detoxification. Treatment for addiction to an illicit substance in which the substance is eliminated gradually from a patient's body while various types and levels of reinforcing treatment (including pharmacological treatment) are provided to alleviate adverse physical or psychological reactions to the withdrawal process.

diversion. Sale or other unauthorized distribution of a controlled substance, usually for a purpose other than the prescribed and legitimate treatment of a medical or mental disorder.

diversion control plan. Documented procedures to reduce the possibility that controlled substances are used for other than their legitimate use. Federal opioid treatment standards [42 CFR, Part 8 § 12(c)(2)] require a diversion control plan in an opioid treatment program as part of its quality assurance program.

dosage determination. Process of identifying the amount of medication that will minimize withdrawal symptoms and craving in patients in MAT in an effort to increase their chance to have a successful recovery. Much evidence supports a linear relationship among the amount of medication provided, the time frame over which it is allowed to act before another dose is administered (dose frequency), and treatment response.

drug–drug interaction. Action of one drug on the effectiveness or toxicity of another drug.

drug testing. Examination of an individual to determine the presence or absence of illicit or nonprescribed drugs or alcohol or to confirm maintenance levels of treatment medications.

elimination half-life. Time required after administration of a substance (e.g., buprenorphine) for one-half the dose to leave the body. Elimination half-life affects the duration of action of a substance or medication and can be influenced by patient factors, such as absorption rate, variable metabolism and protein binding, changes in urinary pH, concomitant medications, diet, physical condition, age, pregnancy, and even use of vitamins and herbal products.

opioid medication addiction. Addiction resulting from use of an opioid usually for pain management. (Prescription opioid medication may have been directly prescribed to a patient or they may have accessed it through other means.)

induction. Initial treatment process of adjusting maintenance medication dosage levels until a patient attains stabilization.

maintenance treatment. Dispensing of an opioid addiction medication at stable dosage levels for a set period of time.

medication-assisted treatment (MAT) for opioid addiction. Type of addiction treatment, usually provided in a certified, licensed Opioid Treatment Program (OTP) or a physician's office-based treatment setting, that provides maintenance pharmacotherapy using an opioid agonist, a partial agonist, or an antagonist medication, which may be combined with other comprehensive treatment services, including medical and psychosocial services.

methadone. The most frequently used opioid agonist medication. Methadone is a long-acting synthetic opioid that binds to mu opiate receptors and produces a range of mu agonist effects similar to those of short-acting opioids, such as morphine and heroin. Long-acting opioids help keep blood levels steady and control pain for a longer period of time; short-acting opioids need to be taken more frequently but effects are felt more quickly.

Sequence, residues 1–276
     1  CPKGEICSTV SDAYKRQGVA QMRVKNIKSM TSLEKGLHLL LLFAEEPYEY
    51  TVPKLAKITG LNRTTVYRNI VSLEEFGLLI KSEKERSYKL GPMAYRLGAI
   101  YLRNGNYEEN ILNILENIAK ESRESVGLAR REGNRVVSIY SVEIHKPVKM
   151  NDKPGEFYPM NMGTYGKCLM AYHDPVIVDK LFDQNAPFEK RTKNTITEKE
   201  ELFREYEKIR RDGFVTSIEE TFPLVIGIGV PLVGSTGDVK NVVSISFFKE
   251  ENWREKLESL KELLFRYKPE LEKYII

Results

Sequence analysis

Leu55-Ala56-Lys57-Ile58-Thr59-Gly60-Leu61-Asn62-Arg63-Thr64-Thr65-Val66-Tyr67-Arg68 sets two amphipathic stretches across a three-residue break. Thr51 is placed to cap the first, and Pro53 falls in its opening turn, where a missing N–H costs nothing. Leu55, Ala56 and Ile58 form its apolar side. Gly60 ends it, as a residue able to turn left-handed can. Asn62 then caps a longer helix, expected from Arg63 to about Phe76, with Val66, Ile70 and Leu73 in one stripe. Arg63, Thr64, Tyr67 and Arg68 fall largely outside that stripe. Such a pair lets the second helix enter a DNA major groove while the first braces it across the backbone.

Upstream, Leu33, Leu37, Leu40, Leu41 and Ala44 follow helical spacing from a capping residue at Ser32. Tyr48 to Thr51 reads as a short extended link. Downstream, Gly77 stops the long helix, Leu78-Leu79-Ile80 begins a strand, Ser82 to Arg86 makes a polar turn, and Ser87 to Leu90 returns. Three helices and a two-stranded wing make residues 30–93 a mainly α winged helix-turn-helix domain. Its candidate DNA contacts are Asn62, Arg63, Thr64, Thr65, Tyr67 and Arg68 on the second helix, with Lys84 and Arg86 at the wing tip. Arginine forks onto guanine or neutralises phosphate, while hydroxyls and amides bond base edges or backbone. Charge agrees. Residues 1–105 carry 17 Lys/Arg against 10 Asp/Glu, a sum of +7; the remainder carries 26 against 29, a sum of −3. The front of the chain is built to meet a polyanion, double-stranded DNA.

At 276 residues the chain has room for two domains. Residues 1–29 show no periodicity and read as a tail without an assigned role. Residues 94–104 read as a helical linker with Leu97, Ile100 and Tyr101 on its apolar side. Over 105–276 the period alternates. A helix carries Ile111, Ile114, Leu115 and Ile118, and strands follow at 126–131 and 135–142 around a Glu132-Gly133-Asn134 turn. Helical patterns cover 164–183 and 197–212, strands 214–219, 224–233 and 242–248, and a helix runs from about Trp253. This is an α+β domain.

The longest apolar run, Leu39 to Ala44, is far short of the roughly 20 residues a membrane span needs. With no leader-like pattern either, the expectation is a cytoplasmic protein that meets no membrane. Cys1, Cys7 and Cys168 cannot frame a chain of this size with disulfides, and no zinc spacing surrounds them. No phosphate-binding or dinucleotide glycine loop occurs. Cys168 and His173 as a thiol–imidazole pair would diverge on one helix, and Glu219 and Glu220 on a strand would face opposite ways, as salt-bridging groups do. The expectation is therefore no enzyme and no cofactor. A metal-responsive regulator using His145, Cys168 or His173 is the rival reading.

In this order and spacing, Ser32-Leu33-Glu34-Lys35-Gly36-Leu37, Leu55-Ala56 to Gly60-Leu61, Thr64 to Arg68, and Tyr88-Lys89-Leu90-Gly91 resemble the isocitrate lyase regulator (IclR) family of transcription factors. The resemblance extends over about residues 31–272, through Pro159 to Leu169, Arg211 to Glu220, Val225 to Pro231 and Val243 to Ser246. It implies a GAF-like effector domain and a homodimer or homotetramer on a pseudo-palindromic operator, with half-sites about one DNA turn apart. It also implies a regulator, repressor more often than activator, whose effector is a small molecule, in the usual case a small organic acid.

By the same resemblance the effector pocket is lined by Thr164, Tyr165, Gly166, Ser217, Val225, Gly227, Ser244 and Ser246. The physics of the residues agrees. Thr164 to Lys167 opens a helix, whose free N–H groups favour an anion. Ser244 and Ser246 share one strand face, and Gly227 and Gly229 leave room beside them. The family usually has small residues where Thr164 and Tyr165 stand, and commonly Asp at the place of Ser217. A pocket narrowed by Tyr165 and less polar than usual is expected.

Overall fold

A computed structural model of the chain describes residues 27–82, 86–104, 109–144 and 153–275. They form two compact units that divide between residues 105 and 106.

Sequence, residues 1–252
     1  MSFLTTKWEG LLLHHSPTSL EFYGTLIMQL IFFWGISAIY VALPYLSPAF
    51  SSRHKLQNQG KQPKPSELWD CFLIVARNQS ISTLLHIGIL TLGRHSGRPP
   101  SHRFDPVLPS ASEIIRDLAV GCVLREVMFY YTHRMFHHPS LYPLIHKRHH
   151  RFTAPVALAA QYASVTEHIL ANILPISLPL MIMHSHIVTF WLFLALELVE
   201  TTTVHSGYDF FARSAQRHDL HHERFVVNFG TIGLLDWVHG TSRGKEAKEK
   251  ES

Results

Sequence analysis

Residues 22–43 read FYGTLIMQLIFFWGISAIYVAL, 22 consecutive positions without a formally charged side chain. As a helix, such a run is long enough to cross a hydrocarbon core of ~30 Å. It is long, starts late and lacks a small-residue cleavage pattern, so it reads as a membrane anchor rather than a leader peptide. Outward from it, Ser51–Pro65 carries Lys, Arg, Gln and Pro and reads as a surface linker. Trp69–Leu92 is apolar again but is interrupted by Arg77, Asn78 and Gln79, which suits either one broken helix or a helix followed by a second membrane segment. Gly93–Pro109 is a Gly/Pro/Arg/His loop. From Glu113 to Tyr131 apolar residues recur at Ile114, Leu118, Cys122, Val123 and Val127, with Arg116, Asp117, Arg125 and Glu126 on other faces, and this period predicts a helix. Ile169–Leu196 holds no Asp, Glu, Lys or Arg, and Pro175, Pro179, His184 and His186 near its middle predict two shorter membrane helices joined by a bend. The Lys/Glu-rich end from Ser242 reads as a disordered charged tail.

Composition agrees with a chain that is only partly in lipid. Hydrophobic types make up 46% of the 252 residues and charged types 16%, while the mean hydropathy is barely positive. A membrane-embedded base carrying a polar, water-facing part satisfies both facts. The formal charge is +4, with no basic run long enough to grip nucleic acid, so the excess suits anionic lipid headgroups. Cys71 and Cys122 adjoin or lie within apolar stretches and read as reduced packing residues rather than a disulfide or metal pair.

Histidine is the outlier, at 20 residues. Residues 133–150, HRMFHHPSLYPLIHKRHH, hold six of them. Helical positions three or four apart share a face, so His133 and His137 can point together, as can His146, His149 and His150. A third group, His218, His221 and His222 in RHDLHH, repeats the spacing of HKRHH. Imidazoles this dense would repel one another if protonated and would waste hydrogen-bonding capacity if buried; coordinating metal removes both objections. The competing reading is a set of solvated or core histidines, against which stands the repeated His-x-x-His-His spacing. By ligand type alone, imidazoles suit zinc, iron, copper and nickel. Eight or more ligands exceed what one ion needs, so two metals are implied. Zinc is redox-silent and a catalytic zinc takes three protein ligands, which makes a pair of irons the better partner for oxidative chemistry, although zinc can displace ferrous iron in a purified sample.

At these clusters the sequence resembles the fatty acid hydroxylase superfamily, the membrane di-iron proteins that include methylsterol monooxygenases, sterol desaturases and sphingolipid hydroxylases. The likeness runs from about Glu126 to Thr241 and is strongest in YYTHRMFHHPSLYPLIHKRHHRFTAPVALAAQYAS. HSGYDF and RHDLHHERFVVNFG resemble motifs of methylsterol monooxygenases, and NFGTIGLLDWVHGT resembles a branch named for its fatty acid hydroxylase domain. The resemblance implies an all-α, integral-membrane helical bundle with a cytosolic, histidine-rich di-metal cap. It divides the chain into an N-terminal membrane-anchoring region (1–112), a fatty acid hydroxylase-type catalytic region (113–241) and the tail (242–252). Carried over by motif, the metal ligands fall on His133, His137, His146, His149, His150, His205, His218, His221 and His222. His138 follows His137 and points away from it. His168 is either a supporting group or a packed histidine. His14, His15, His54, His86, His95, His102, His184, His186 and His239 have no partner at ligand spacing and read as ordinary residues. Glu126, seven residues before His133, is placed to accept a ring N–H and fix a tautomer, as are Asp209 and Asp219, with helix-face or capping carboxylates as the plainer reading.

naloxone. Short-acting opioid antagonist. Because of its higher affinity than that of opioids for mu opiate receptors, naloxone displaces opioids from these receptors and can precipitate withdrawal, but it does not activate the mu receptors, nor does it cause the euphoria and other effects associated with opioid drugs. Naloxone is not FDA approved for long-term therapy for opioid addiction, except in the combination buprenorphine-naloxone tablet. When taken orally, naloxone does not have an effect. Some programs use naloxone to evaluate an individual's level of opioid dependence. Naloxone is also used to help reverse opioid overdose. See naloxone challenge test.

opiate receptors. Areas on cell surfaces in the central nervous system that are activated by opioid molecules to produce the effects associated with opioid use, such as euphoria and analgesia. Opiate receptors are activated or blocked by opioid agonist or antagonist medications, respectively, to mediate the effects of opioids on the body. Mu and kappa opiate receptor groups principally are involved in this activity.

opioid. Natural derivative of opium or synthetic psychoactive substance that has effects similar to morphine or is capable of conversion into a drug having such effects. One effect of opioid drugs is their addiction-forming or addiction-sustaining liability.

opioid addiction. Cluster of cognitive, behavioral, and physiological symptoms resulting from continuation of opioid use despite significant related problems. Opioid addiction is characterized by repeated self-administration that usually results in opioid tolerance, withdrawal symptoms, and compulsive drug taking.

opioid addiction treatment. Dispensing of approved medication to prevent withdrawal and craving in patients with opioid dependence, with or without a comprehensive range of medical and rehabilitation services or medication prescribed when necessary to alleviate the adverse medical, psychological, or physical effects. This term encompasses medically supervised withdrawal, maintenance treatment, comprehensive maintenance treatment, and, under restricted timeframes, interim maintenance treatment (adapted from 42 CFR, Part 8 § 2).

opioid agonist. Drug that has an affinity for and stimulates physiologic activity at cell receptors in the central nervous system normally stimulated by opioids. Methadone is an opioid agonist.

opioid antagonist. Drug that binds to cell receptors in the central nervous system that normally are bound by opioid psychoactive substances and that blocks the activity of opioids at these receptors without producing the physiologic activity produced by opioid agonists. Naltrexone is an opioid antagonist.

opioid partial agonist. Drug that binds to, but incompletely activates, opiate receptors in the central nervous system, producing effects similar to those of a full opioid agonist but, at increasing doses, does not produce as great an agonist effect as do increased doses of a full agonist (ceiling effect). Buprenorphine is a partial opioid agonist.